Criticism from the press comes with the job for public officials in California’s second-biggest city, and Aguirre should be able to handle it better by now. What set him off with Roth was the reporter’s question about an ongoing investigation. It was as if that was crossing a line — an indication of Roth’s pathology, actually. Aguirre himself, though, has used pending investigations to question the ethics and integrity of others. When others do it to him, though, they are agents of a larger conspiracy against him.
Aguirre said Monday that he believes Roth is acting as an agent of Council President Scott Peters who announced his candidacy Monday for city attorney. “You need to step out of yourself,” Aguirre told Roth, “and examine yourself and find out why you’ve associated yourself with all the people from the county and with Scott Peters.” A moment later, Aguirre told Roth, “Alex, you don’t think I know how you get your information? Alex, I know who you talk with. I’m sure if you go back and look through your telephone messages, look at who you called …”
The subject of a person’s mental health is a tough one for journalists. The AP Stylebook, a Bible of sorts for working reporters, offers no guidance — a warning sign in itself. Depression is mentioned only as an economic phenomenon, not a mental one. So the journalist is left to struggle alone when an elected official exhibits paranoia or wild swings of emotion. And the journalist is going to ask questions.
KPBS’ Amita Sharma got the best response yet from Aguirre when she asked him about the rumors of his own mental instability. (Maria Velasquez, Aguirre’s spokeswoman, didn’t return a call seeking comment for this column.)
“You know,” Aguirre told Sharma, “I’ve been called every single name in the book. I’ve been called every name since I’ve been here. And it’s just part of the effort to try and discredit people. I think that you have to realize that whenever you get involved in bringing about change — political change or social change — whenever you get involved in that and there are entrenched powerful groups, they are going to resort to every effort to discredit people that they can.” But Aguirre said he and his office have the support of the citizens of San Diego because “the people get it.”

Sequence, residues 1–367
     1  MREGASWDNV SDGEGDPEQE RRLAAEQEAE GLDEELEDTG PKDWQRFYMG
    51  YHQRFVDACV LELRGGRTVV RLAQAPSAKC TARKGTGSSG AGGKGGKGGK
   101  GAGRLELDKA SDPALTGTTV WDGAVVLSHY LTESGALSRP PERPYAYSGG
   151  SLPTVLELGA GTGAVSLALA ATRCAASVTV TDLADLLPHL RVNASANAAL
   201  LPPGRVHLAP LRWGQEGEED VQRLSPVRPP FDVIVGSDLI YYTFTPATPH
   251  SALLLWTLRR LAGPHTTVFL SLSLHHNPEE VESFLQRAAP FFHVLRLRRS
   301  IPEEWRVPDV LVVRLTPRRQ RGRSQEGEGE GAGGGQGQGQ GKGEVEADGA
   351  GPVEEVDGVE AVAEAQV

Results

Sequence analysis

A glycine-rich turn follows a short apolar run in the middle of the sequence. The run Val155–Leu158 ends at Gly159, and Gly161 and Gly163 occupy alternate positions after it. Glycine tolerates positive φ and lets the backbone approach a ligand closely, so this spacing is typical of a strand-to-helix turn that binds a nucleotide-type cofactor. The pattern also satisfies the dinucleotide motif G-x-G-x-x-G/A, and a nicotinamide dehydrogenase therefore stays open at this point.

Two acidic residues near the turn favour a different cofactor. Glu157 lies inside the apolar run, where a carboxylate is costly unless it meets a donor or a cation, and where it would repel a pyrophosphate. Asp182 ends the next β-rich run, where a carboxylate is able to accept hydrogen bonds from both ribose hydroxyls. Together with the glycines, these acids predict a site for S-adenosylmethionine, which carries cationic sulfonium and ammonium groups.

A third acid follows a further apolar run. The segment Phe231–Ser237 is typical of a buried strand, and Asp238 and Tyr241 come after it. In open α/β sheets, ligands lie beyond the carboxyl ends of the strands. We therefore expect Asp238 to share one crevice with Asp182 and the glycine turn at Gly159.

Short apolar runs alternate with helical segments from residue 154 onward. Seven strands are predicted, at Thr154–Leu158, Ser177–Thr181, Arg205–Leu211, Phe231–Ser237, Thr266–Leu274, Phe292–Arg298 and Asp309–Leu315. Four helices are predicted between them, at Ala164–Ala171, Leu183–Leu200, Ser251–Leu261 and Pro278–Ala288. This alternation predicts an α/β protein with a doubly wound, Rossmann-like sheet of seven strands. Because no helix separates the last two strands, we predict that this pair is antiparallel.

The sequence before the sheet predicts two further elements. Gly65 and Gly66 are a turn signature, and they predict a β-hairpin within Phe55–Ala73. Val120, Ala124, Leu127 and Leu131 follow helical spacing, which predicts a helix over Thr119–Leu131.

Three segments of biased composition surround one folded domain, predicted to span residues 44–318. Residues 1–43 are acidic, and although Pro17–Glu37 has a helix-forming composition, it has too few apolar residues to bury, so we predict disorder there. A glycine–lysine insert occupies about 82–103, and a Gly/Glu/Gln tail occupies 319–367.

The Union-Tribune, it should be noted, is not afraid of exploring these issues with other elected officials. Rumors that 72-year-old San Diego County Sheriff Bill Kolender may be suffering from dementia or Alzheimer’s were the subject of a front page article. Kolender wisely took the questions and denied the rumors.
When it comes to Aguirre, the newspaper published stories by Roth that make anonymous references to the city attorney as “Bipolar Bob” and paint the nudge-nudge picture of a man who is at the computer by 4 a.m., works out furiously twice in a day, and has a black-and-white Franklin Roosevelt documentary playing on a loop in his office. This doesn’t answer much.
To Aguirre, anyone who would raise deeper questions about him, myself included, must be part of the “powerful, entrenched groups” opposed to change. Either you’re with Aguirre or you’re against him. So I must be against him. He might waste more time and taxpayer resources learning that Alex Roth and I are friends, so I’ll save him the trouble. Oh, and I’m friends with folks at KPBS, too, and did some freelancing for the station.
And so the conspiracy circle gets wider and wider. Aguirre says the people understand him. But if they start asking questions, in his mind, they might need their heads examined.
Correction: In the original version of this piece, the name of Aguirre’s former bodyguard was misspelled. It has been corrected.
Seth Hettena, a San Diego-based freelance journalist and author, writes an occasional column “The Peanut Gallery” about local media and journalism. You can e-mail him at email@example.com with your complaints, thoughts or stories about San Diego reporters.